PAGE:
Students at the Australian Graduate School of Management (AGSM) will help Sydney-based start-up companies tackle strategic business issues in a new initiative offered as part of the AGSM MBA program.
During the 12 week Entrepreneurship and Strategy course, MBA students from the AGSM at UNSW Australia will partner with start-up companies, immersing the student in an entrepreneurial business.
The business will pose a strategic problem, and the role of the student is to formulate a strategy and kick off the implementation, all the while being immersed in the start-up’s culture and environment. At the end of the course, the student will be required to present the solution in front of an assessment panel, as well as provide a structured report to the CEO of the company.
AGSM is in the process of recruiting start-ups for the program. Companies are eligible to participate if they are more than two years old, have a team of at least three people, are not based in a home and, most importantly, are willing to engage with a student. There is no cost at all to the start-up.
Director of the Entrepreneurship and Strategy course, Dr Jeffrey Tobias, says this idea came from his years of experience in both the MBA program and the broader Sydney entrepreneurial community.
“Traditionally my assessment for this subject was the development of a business plan, but if you take the lean and agile model, you don’t necessarily prepare a traditional business plan anymore. It’s about immersion, about doing rather than talking” says Tobias, who is adjunct faculty at AGSM while also running his own consulting company and an active angel investor.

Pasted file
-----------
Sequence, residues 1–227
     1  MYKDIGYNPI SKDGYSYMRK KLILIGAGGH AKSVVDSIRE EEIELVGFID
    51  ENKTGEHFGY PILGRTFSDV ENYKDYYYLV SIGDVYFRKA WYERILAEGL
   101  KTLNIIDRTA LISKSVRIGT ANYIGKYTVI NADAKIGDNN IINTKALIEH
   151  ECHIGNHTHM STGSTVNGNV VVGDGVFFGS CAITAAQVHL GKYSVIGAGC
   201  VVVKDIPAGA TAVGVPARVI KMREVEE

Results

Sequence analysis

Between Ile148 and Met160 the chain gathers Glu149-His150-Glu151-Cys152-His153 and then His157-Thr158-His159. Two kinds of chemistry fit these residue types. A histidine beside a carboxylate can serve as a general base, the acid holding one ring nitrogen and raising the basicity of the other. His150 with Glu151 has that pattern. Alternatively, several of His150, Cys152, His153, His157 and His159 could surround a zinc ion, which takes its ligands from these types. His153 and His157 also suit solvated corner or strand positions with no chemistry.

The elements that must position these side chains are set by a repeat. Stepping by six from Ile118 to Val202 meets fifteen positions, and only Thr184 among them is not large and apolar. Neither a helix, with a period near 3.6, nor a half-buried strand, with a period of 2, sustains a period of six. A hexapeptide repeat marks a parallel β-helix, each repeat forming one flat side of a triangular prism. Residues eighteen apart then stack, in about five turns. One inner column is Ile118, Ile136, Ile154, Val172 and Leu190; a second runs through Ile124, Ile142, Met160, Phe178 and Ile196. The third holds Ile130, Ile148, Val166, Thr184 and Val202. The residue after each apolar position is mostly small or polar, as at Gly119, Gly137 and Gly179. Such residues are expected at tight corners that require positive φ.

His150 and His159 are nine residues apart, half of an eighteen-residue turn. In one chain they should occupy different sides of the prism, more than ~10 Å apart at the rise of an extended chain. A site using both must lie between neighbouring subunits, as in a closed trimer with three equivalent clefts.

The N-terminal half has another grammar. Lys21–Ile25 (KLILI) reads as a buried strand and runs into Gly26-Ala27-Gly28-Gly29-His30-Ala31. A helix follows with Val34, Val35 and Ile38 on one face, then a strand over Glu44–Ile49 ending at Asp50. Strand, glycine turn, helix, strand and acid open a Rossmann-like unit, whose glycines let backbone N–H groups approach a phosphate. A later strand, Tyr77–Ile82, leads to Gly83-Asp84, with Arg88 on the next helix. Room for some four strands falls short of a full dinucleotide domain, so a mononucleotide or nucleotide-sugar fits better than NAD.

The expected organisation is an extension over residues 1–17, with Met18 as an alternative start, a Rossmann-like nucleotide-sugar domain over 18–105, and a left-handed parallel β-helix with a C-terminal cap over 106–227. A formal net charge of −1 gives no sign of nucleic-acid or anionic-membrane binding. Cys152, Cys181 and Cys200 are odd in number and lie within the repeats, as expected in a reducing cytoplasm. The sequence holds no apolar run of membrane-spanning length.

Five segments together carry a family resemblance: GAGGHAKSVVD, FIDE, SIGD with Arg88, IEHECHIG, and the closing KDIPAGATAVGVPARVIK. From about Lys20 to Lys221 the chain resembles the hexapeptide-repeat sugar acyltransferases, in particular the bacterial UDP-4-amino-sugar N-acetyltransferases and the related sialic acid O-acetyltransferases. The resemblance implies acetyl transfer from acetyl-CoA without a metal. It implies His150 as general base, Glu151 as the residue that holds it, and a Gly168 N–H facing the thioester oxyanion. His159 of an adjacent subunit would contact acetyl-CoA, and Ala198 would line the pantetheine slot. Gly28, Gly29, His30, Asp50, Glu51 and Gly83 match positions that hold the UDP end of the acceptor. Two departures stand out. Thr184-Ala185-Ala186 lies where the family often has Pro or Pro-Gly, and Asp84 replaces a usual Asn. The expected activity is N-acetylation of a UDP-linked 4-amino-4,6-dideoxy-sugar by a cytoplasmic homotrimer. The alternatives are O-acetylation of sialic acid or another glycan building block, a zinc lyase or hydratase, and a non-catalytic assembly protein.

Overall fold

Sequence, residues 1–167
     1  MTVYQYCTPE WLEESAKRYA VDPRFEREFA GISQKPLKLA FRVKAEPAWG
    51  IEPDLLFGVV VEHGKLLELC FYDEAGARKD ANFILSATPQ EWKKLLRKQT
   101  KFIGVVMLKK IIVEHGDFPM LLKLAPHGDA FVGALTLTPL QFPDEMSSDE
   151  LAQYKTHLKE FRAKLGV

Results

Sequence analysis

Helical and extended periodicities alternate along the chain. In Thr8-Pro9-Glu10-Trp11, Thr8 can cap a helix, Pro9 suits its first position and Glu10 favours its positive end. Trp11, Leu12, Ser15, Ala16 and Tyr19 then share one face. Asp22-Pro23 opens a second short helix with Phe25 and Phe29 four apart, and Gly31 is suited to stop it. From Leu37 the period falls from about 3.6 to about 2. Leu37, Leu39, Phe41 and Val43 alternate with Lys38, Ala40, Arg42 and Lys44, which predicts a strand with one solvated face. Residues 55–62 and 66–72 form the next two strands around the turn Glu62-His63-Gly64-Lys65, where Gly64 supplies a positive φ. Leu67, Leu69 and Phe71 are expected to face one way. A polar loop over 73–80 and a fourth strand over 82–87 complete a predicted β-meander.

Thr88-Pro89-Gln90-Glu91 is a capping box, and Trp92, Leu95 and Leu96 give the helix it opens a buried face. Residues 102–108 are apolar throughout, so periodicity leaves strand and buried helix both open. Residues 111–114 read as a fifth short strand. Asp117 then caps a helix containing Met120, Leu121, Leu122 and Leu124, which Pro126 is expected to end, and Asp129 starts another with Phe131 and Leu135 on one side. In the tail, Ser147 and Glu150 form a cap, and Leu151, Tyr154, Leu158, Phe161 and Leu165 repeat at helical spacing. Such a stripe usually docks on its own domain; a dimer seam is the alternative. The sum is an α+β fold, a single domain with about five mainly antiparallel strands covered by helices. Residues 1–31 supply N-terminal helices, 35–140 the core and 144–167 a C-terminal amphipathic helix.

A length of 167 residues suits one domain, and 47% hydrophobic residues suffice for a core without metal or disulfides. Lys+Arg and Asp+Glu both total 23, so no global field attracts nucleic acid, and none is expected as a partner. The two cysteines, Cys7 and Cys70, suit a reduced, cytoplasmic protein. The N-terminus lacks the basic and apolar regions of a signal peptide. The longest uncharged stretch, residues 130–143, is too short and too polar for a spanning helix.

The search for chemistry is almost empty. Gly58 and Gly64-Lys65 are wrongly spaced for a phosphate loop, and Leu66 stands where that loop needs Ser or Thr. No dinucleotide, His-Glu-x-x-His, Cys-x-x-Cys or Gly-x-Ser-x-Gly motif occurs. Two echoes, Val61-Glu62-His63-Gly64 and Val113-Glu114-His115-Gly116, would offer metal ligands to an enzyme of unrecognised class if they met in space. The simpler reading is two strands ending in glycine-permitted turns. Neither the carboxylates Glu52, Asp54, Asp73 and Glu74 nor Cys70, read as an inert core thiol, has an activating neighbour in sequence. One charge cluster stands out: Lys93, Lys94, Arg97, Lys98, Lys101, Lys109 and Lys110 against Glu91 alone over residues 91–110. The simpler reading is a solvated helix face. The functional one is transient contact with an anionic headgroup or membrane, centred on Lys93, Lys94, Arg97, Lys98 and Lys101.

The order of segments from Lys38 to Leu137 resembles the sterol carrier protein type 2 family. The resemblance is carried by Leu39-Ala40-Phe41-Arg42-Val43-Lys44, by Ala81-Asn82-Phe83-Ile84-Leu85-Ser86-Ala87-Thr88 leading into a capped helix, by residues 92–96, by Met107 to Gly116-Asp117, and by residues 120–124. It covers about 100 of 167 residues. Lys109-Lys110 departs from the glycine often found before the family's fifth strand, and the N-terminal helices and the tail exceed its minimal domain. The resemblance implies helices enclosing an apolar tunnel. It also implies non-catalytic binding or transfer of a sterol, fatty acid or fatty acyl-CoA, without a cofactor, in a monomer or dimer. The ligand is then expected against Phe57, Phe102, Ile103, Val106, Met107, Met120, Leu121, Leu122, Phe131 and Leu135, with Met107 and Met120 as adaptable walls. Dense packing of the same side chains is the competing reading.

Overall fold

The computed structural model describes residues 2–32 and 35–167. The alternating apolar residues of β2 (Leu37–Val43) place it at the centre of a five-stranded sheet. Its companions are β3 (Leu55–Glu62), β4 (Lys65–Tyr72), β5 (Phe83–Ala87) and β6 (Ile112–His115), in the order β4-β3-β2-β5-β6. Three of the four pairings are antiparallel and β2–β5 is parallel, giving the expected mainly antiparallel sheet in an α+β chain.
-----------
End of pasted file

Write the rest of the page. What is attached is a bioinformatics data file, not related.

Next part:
“Immersing people in real life environments with real strategic problems is the best way to get them involved in entrepreneurship.”
Tobias says they’ve had more than 20 applications from start-ups since launching the program last week.
“The thing a lot of start-ups lack is that they’re good at the innovation but not so good at basic business skills such as strategy, commercial negotiation, HR, marketing fundamentals and finance. MBA students are good at these, but they often haven’t been exposed to an entrepreneurial environment before. Put them together, it’s a win-win!” Tobias says.
The program is supported by Grand Prix Capital, the Sydney Seed Fund and the Founder Institute, although no financial support is provided from these entities.
“The links between AGSM and the start-up community are very positive and we’re really keen to foster and grow them. We’ve had huge enthusiasm from the investment community, and from someone like Google who said, yes, we want to be part of this,” Tobias says. “If you want to start your own business, and now is a great time, do an MBA at AGSM first”.